My Two Cents on Health Care

Monday, March 22, 2010

What's being called the most sweeping health care reform bill in decades passed the House of Representatives last night 219-212. Since everyone has an opinion on this topic, I figured I might as well join the fray. But, for the most part, both sides of the aisle need to be realistic about this bill. No, it will not destroy America. And, no, it will not revolutionize the entire health care industry and provide all Americans with the best coverage at no cost.

First, I have to hand it to President Obama for his ability to get this passed. In December, most of us thought the bill was dead. Some key losses in Democratic seats seemed to act as a referendum on the health care debate. But, Obama refused to give up. He rallied the Democrats and brought Republicans into the debate with a round-table discussion. Love him or hate him, I am impressed with the political ability Obama showed on this issue.

My largest problem with the bill is the cost. As I understood it, the entire reason for addressing health care at this time, a time of record deficits and a crippling recession, was to curtail the burgeoning costs of health care. Obama argued for the economic imperative of lowering the costs on our system. (On that issue, I really dislike the projections made on health care costs as if we can just regress the last 10 years and claim as fact that costs will continue their trajectory.) But even so, assuming those costs and the goal of cost reduction this bill extends coverage to roughly 32 million people and regulates insurance companies' ability to deny coverage. The CBO projects that the bill will increase deficits just under $1 trillion in the first year and then somehow cut the deficit by just over $100 billion over the next 10 years. Frankly, I don't believe it. It'll only take a year to prove me wrong but I don't see how this program will run surpluses for the next 20 years. Increasing coverage and reducing deniability does absolutely nothing to reduce the cost trajectory, absolutely nothing. The only way the CBO estimates work out is through tax increases.

Clearly, the only way for this to be possible is to raise taxes a great deal. There's a variety of taxes that will be raised in order to fund the bill but this is the worst time for that. I fully understand that the federal government will need to increase revenues in the next couple decades to pay down our record deficits and support our current spending habits. The worst thing we can do though is add entirely new entitlement programs that need funding. We cannot pay for what we already have and now we're creating new monsters to deal with. I just don't see how this helps our economic and fiscal situation.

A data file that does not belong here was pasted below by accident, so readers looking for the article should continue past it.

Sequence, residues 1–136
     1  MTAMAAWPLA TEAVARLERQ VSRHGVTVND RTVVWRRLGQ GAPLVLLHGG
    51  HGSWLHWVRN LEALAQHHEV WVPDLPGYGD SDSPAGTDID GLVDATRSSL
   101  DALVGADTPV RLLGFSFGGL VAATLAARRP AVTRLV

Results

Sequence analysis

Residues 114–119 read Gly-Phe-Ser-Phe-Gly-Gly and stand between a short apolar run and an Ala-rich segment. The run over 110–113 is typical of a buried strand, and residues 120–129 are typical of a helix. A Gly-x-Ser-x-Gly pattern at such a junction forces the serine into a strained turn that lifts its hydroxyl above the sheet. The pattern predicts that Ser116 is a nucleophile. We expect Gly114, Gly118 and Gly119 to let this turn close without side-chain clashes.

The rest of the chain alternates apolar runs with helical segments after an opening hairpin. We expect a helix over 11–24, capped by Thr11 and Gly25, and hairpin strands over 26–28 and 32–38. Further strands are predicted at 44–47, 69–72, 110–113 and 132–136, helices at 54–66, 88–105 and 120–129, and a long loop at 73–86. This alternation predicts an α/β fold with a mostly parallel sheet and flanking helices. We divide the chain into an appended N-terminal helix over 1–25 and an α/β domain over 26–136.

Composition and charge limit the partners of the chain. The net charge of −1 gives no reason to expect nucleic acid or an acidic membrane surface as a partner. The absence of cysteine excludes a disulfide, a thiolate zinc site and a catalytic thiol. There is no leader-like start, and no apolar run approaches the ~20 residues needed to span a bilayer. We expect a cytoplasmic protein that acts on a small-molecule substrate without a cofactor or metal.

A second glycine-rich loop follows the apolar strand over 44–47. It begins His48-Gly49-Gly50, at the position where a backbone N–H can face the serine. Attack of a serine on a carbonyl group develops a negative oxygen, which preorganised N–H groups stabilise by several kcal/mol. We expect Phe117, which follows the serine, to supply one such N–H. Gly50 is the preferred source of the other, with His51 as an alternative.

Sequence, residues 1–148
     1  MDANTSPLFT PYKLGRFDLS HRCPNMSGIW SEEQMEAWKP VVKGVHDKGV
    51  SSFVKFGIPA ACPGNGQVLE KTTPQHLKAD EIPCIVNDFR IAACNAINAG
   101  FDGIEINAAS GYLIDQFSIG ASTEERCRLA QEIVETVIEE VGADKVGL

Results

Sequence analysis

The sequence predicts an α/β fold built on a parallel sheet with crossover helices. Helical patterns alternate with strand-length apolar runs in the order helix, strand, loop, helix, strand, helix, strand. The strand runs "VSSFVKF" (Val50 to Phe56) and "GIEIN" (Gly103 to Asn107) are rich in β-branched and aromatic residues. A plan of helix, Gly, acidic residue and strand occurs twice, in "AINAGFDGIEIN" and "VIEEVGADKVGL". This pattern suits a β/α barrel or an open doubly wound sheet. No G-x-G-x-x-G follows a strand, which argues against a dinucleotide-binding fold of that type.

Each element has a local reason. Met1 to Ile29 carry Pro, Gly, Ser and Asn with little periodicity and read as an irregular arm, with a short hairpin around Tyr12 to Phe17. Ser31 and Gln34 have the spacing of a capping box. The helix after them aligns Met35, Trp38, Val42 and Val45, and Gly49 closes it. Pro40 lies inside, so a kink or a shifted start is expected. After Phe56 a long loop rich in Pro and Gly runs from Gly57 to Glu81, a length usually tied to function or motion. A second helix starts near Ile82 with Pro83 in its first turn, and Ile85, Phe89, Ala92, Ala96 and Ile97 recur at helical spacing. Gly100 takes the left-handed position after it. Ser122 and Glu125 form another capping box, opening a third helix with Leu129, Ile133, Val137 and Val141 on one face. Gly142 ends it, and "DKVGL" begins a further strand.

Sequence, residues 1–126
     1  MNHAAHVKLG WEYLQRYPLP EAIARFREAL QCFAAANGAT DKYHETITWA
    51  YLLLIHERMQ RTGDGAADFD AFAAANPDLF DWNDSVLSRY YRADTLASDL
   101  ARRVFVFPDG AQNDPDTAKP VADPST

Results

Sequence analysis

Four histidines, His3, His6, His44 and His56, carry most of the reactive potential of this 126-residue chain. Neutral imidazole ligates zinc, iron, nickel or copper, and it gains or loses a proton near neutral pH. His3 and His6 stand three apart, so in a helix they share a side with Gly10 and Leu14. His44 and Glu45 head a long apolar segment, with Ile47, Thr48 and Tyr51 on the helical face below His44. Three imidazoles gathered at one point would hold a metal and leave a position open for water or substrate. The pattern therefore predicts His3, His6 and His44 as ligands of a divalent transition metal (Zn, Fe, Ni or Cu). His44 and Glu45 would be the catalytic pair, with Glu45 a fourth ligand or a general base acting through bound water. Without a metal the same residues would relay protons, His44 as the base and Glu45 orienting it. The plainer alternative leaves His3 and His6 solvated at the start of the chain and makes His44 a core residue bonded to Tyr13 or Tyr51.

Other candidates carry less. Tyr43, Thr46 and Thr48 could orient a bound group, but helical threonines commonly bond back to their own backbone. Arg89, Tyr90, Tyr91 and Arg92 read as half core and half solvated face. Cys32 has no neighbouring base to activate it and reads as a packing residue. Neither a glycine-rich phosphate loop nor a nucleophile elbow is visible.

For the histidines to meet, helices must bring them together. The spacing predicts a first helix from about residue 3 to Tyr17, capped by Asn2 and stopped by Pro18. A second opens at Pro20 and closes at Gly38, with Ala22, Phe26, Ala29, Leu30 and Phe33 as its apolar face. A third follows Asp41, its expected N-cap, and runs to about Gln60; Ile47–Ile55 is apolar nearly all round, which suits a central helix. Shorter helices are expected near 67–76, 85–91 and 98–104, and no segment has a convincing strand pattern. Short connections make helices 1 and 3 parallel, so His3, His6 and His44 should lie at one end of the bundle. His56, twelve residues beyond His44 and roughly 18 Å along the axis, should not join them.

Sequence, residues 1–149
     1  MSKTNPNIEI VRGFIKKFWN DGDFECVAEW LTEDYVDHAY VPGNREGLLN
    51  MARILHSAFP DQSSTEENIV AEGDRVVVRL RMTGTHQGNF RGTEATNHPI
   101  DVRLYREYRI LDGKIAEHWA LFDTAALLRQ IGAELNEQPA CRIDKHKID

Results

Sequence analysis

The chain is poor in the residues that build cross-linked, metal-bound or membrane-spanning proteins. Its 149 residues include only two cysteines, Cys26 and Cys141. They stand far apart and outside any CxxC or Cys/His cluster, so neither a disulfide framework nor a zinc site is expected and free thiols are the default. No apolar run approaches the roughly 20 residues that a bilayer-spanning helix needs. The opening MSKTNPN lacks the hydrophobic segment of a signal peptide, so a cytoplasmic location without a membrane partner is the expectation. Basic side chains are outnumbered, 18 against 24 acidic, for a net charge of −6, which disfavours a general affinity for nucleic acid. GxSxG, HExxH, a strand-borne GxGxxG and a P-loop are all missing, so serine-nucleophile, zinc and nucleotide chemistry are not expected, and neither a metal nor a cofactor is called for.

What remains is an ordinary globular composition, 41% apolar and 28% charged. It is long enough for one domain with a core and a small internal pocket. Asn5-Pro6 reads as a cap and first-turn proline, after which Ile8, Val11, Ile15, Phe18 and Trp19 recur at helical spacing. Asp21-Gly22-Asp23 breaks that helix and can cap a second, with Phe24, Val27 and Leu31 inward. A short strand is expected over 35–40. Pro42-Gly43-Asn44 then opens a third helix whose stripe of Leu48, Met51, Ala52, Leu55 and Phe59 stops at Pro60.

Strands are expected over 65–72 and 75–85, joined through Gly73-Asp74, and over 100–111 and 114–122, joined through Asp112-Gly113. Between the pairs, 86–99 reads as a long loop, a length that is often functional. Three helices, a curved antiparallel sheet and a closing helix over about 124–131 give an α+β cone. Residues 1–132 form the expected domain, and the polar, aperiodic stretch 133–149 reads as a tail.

Also, we're stealing from Medicare to pay for this program. One of the biggest problems with running pension and entitlement programs is that the managers of the plans don't save surpluses. This is a classic case of not putting Medicare in Al Gore's "lockbox". This will create shortfalls in leaner times.

Also, why is everyone demonizing the health insurance companies? There is a legitimate argument to be made as to whether we want the health insurance industry to be for-profit. I think support for non-profit firms could help. Though I don't think the profits being made are what's causing the problems. Of our five largest health insurers, 2 of them have margins just over 7% and the other 3 have sub-5% net profit margins. It's not like these firms are just printing money. Regulation on pre-existing conditions and such is important but I don't see the evil insurance company line of thinking.

Anyway, there's my health care debate ramble. This bill has some good stuff in it, some bad stuff. My primary problem is that I don't believe we can afford it. Health care for everyone is a great ideal but I don't see how it happens without sacrificing quality. There's an equilibrium between quality and coverage. America has always tilted the scale towards higher quality, lower coverage and higher cost. Increasing coverage comes with a give in other sides of this equation. I believe costs will be higher and quality will be lower over the long run.
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